Bulgarian National Bank (BNB) governor Ivan Iskrov nominated Dimitar Kostov, currently deputy governor in charge of the BNB banking department, to take over as deputy governor in charge of bank supervision, the central bank said on January 29.
By law, BNB deputy governors are nominated by the central bank governor and appointed by Parliament. BNB said that Kostov “is well-known and respected” both in Bulgaria’s banking sector and international financial institutions.
Kostov is currently serving his second six-year term as deputy governor in charge of the banking department, a position he has held since 2005. Of three deputy governors of the Bulgarian central bank, his position – overseeing banking policy, statistics, accounting and the government debt depository – is often viewed as less crucial than those of the deputy governors in charge of banking supervision and the issue department (which oversees the country’s currency board).
Kostov has been considered the front-runner for the nomination in recent days, with some reports claiming that he has the support of the largest parties in Parliament, enough to secure appointment.
His nomination is unlikely to win universal approval, given that he was finance minister in the socialist government of prime minister Zhan Videnov between January 1995 and February 1997, at the time when Bulgaria went through a banking crisis that saw several lenders collapse, triggering hyper-inflation and the introduction of the currency board in 1997 (after he left office).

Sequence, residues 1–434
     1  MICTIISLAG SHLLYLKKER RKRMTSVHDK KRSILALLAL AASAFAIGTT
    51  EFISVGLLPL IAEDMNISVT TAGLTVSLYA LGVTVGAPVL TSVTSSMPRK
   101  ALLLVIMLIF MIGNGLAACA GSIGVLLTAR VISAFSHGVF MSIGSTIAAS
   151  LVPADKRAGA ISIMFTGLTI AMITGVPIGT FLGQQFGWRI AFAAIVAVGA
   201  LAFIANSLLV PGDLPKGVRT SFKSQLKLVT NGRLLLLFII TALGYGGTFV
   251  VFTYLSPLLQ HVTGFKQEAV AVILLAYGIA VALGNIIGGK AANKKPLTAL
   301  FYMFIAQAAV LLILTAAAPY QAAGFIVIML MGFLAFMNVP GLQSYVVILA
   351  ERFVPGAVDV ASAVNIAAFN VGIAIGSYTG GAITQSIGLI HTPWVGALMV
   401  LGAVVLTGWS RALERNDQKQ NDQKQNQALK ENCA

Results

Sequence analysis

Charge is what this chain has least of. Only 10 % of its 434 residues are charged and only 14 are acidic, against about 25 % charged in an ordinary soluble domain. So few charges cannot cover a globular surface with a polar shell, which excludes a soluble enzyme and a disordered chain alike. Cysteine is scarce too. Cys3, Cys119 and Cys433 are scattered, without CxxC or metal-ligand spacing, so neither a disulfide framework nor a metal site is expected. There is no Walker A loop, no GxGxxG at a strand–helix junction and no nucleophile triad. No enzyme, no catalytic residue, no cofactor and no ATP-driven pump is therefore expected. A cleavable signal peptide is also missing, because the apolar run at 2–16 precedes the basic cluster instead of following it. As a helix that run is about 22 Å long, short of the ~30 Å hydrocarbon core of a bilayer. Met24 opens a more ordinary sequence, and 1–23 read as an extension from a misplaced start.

The position of deputy governor in charge of bank supervision became vacant last week, when Parliament voted to dismiss Tsvetan Gounev on the grounds that he has been unable to carry out his duties for more than six months. Gounev is under investigation for allegedly failing to exercise proper oversight of Corporate Commercial Bank (CCB), the country’s fourth-largest lender until June 2014, when it was put under BNB administration, with the central bank later repealing its banking licence (for full coverage of the CCB affairs, see The Sofia Globe reporting here.)
If appointed by Parliament, Kostov would serve the rest of Gounev’s six-year term, which expires in June 2019.
(Bulgarian National Bank. Photo: Clive Leviev-Sawyer)